A few posts ago I said that I was glad our system was still one where the top levels of income and success were still: “open to anyone who has the will and drive and luck to succeed.” In America, wealth, income, and status are not fixed but are mobile and fluid. Some of the rich become poor, and people can still go from nothing to the heights. At least that’s my story and I’m sticking to it. And I really like it when I’m right. Basically, for those who don’t want to figure out statistical and economic mumbo-jumbo, this study says that if you divide people into 5 groups based on income, about 60% change which group they are in, and that this hasn’t changed in many years. So it’s not that the rich stay rich, the middle class stays middle class, and the poor stay poor. Instead, in America, the “class” you’re in economically and financially changes. It’s not where you start, it’s what you do with your life that matters.

This is from Reason Magazine:

Here’s a summary of a report on economic mobility from the Pew Center’s “Economic Mobility Project.”

We examine trends in U.S. intragenerational income mobility over the past two decades. Specifically, we focus on how the economic positions of 25- to 44-year-olds change over a decade relative to one another, as well as in absolute terms (whether they are doing better or worse at the end of the decade than they were at the start). In addition, we compare intragenerational mobility rates over two periods, 1984 to 1994 and 1994 to 2004.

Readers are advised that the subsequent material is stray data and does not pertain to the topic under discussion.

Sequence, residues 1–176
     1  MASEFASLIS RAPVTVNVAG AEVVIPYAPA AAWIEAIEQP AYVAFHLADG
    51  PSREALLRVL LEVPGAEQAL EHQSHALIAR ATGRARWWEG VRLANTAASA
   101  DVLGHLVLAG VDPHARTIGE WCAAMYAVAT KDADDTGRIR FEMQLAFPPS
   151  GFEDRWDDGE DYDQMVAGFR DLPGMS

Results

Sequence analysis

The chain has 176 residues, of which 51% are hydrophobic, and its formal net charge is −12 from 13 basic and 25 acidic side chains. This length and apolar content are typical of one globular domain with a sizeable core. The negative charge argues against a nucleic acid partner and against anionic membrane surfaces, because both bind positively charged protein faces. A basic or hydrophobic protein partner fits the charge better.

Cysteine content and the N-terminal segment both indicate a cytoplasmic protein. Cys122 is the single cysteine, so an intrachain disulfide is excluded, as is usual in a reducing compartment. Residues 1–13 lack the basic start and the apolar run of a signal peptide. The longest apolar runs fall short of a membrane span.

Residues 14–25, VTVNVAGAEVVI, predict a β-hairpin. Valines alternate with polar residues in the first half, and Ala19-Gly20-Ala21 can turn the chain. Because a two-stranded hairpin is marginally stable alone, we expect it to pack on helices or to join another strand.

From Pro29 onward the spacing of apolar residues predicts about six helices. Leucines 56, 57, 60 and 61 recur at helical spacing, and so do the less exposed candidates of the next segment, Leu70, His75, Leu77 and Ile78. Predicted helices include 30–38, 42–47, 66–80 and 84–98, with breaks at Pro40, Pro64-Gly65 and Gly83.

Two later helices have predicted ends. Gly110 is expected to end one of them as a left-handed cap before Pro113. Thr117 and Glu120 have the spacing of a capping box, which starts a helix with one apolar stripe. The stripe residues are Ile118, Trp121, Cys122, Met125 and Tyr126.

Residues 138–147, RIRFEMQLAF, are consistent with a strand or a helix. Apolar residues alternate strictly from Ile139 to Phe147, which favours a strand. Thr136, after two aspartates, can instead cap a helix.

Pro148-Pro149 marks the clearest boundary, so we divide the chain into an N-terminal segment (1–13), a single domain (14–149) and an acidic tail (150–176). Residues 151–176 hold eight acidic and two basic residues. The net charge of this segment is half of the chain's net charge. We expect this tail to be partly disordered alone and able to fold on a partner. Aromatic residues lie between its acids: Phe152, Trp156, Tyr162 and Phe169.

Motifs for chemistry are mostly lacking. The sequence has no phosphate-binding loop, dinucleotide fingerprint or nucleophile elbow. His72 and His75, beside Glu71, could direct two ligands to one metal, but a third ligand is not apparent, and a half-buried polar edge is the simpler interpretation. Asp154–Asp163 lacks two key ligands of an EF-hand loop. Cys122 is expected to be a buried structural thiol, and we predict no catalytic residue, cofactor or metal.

We find that mobility rates have not changed very much between these two time periods. This finding is somewhat surprising given the changes in the economy in the 1980s and 1990s, such as the ongoing shift from manufacturing to service-sector jobs, rising immigrant populations, and extended periods of growth.

Emphasis added. This study uses data that predates the current recession but that sort of time lag is typical of such studies, which sift through the Panel Survey of Income Dynamics (PSID), a database of households and individuals who are tracked over time. However bad the current economy has been for the past few years, there is no reason to think that we have entered a brave new world in which the basic trends of the past many decades will stop cold in their tracks. From the summary again:

We find that 60.4 percent of all 25- to 44-year-olds moved up or down income quintiles relative to their peers between 1984 and 1994, and 60.5 percent did so between 1994 and 2004. Absolute mobility rates have also been fairly stable over time. Between 1984 and 1994, 61.1 percent of individuals experienced income changes that moved them across their 1984 income quintile boundaries; between 1994 and 2004, absolute income mobility was 62.6 percent.

You might complain that those rates of relative and absolute mobility are not good enough, but you can’t argue that they are smaller than they used to be.